Forum Index > Trip Reports > Kelley Creek, Joan Lake, Scopion Mtn
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Joey
verrry senior member



Joined: 05 Jun 2005
Posts: 2684 | TRs | Pics
Location: Redmond
Joey
verrry senior member
PostTue Jul 26, 2005 11:13 am 
The Kelley Creek trail is remarkable since it is within easy day-hike range of Seattle, goes through an old growth forest, provides an approach to two summits and a nice lake, and receives next to no use. Of course on the down side this trail has not been maintained by the USFS for a good many years. (How do they chose which trails to maintain and which to abandon?) Both the WTA site and https://www.nwhikers.net/forums/ have only a few reports describing this trail. None of those have much info on the ridge trail that used to run from the Beckler River drainage to the Crest trail. Some years ago I went up the Kelley Creek trail a number of times and explored the ridge going north. After repeated scouting trips looking for blazes, saw cuts and ever-so faint tread, I finally located this portion of the ridge trail, except for where it disappears crossing two large meadows. NOTE - Since it would be very easy to lose this faint trail, this hike should only be attempted by those with off-trail hiking and navigation experience. Directions to trailhead: Take US 2 east to milepost 55. Set your trip odometer to 0.0 and turn left onto the Old Cascade Highway. At mile 2.2 turn left onto the Martin Creek Road. At mile 3.7 go past th Iron Goat trailhead. At mile 5.3 stay left. At mile 5.7 turn left, cross Martin Creek, go short distance to where road curves to right. Note the parking spot on the left with a shoulder-width opening in the alders. Thats the trailhead. (Years ago I used to drive to the end of this spur road and then start hiking.) After hiking along this old logging spur for about a mile, the trail enters a beautiful old growth hemlock forest. Good news! One or more anonymous souls seem to have adopted this trail and have done a huge amount of work to clear brush along this logging spur. While you no longer have to fight your way through, the trail along this old road is quite narrow and leaves and other growth will deposit their load of morning dew on you as you brush by. I was quickly soaked from the thighs down. Once in the forest your footfalls are pleasantly cushioned by hemlock debris and moss. Signs have been erected where this approach trail joins the original Kelley trail near the creek. Even though portions of this trail are quite faint, a careful and observant hiker should be able to reach the ridge. The only obstacle is a steep-sided gully that can readily be crossed by descending a bit. Pay attention since the trail is equally faint on the way down. (When I hiked out I glanced at the GPS several times to confirm I was in fact following the same track that the GPS recorded on the way in.) Carefully note where you arrive at the ridge so you can locate this spot and find the trail for your hike out. To locate the Johnson Ridge trail, go across the saddle to the east side of the ridge. In a clump of trees to the right is an old green and white forest service sign announcing the intersection with the Johnson Ridge trail. To the left you will see tread going up a meadow, but that is not the original trail which is a bit more to the left in the trees. (Look for the blazes) Also, I noticed a number of springs a short way SE of this old sign. See the topo map where the 5,000' contour line makes a U north of Captain Point. Make your way north along the ridge and in about 1/2 mile you will be descending a bit. Watch for several 3'-4' boulders in a pile. The trail passes in front of these boulders curving to the right and drops off the east side of the ridge. As indicated on the map I posted, there are a number of blazes, saw cuts and bits of tread to mark the way. Some of this trail evidence is difficult to see unless you are right on top of it. After descending at an angle to the left, the trail traverses a bit, passes though a meadow, and then climbs back to the ridge. Note this location well so you can find it coming out! Soon the trail enters the first large meadow. This is another spot where you need to locate some landmarks to help you find the trail on the way out. More blazes, saw cuts and bits of tread can be found in the woods on the far side of the meadow. In due course the trail enters the second large meadow. Near the top of this second meadow stay to the right and you will come to the obvious tread of the active portion of this trail system. Turning right to visit Joan Lake. Turn left to go to Scorpion Mtn. I visited Joan Lake (had it to myself) and then scrambled north to a flat meadow at about 5,300'. Very nice Lupin and its friends here. From there I turned left and followed the ridge to the summit of Scorpion. Im considering flagging the portion of trail that drops off the ridge on the east side so others can enjoy this unused trail. If anyone would like to assist in that endeavor next year, you can contact me through my website.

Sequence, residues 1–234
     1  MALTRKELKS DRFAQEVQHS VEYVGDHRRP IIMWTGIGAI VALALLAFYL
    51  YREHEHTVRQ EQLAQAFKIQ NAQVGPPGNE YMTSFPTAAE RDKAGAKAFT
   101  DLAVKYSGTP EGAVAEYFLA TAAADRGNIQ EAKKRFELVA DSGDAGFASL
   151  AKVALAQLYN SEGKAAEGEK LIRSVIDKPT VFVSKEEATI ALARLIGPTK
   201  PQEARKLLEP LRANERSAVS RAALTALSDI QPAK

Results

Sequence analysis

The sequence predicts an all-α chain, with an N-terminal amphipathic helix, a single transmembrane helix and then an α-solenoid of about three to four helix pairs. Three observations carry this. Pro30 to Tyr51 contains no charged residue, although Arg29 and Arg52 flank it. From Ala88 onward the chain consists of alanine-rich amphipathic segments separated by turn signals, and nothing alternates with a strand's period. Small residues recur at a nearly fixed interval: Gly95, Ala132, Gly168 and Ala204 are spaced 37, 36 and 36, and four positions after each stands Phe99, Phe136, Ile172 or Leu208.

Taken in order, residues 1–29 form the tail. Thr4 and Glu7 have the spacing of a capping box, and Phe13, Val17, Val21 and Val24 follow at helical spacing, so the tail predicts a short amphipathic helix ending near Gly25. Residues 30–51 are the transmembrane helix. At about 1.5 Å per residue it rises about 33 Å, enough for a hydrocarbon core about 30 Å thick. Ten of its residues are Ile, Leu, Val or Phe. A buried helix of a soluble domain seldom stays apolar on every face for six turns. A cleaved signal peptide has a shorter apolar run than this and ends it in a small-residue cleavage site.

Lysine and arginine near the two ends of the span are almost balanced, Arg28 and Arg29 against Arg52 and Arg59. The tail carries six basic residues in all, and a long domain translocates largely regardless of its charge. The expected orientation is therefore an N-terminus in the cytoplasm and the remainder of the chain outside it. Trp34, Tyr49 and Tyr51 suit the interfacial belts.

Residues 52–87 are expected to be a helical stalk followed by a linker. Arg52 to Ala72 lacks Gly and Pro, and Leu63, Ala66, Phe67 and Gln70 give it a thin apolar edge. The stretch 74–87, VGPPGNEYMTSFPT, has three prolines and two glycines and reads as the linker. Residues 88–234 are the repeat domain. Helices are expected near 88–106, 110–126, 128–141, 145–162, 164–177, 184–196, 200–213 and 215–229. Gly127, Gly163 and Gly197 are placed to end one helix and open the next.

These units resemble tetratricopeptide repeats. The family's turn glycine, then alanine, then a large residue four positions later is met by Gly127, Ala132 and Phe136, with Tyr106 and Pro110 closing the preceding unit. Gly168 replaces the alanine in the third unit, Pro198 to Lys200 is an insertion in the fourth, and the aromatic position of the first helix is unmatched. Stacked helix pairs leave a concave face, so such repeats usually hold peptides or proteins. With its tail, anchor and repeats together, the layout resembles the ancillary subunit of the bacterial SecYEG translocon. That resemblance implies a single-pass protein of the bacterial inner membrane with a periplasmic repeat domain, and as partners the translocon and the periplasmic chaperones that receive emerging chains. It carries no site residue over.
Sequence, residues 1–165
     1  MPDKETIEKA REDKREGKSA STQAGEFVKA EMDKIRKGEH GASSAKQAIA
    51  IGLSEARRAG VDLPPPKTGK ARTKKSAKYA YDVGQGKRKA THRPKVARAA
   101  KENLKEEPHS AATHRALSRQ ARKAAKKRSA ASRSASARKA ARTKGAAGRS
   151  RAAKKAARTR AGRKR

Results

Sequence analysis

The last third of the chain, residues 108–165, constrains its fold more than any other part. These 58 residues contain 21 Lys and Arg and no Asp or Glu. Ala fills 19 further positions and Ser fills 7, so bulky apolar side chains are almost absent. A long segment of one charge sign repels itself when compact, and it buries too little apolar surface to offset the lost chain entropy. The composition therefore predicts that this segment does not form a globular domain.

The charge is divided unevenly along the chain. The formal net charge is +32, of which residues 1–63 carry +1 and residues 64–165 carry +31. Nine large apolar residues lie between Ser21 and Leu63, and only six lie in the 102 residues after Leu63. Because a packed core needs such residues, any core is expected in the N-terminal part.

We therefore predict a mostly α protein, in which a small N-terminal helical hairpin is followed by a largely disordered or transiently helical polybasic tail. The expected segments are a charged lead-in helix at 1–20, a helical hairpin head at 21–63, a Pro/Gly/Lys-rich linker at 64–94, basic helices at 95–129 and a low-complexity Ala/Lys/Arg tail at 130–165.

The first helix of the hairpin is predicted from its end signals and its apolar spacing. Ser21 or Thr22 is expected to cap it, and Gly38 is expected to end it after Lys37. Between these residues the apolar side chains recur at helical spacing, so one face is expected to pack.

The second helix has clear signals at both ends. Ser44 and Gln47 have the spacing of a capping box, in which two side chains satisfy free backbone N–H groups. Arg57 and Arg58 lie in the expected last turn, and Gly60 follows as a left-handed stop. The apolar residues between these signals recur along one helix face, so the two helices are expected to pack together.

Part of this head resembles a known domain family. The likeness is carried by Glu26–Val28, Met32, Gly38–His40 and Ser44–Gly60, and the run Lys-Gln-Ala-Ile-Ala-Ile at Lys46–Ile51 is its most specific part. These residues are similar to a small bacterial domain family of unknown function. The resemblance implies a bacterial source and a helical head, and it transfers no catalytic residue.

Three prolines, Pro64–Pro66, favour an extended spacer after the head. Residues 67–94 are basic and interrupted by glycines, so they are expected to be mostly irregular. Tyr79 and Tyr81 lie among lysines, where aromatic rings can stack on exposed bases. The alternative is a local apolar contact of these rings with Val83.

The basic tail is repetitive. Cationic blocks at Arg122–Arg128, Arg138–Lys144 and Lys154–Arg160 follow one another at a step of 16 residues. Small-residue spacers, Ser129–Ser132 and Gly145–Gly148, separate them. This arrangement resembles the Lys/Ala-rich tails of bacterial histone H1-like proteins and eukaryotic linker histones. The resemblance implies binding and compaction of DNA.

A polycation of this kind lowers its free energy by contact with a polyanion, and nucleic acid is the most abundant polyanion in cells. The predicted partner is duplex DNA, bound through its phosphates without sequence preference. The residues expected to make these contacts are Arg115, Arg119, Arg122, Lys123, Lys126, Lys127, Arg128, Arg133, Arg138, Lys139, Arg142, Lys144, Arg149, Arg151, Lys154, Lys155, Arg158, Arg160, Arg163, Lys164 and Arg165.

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Tom
Admin



Joined: 15 Dec 2001
Posts: 17433 | TRs | Pics
Tom
Admin
PostTue Jul 26, 2005 11:27 am 
Make sure you put your mailing address on the flags for those who may want to know where to send the litter. clown.gif

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lopper
off-route



Joined: 22 Jan 2002
Posts: 830 | TRs | Pics
lopper
off-route
PostTue Jul 26, 2005 12:14 pm 
Joey: Welcome to the arena, and thanks for your detailed report. So much undergrowth, so little time. We've been thinking of extending our clipping out along the eastward continuation to the PCT from Captain Point (the "North Crest Cutoff"). I recommend the Corona BP-3220 two handed loppers. Follow the blazes....

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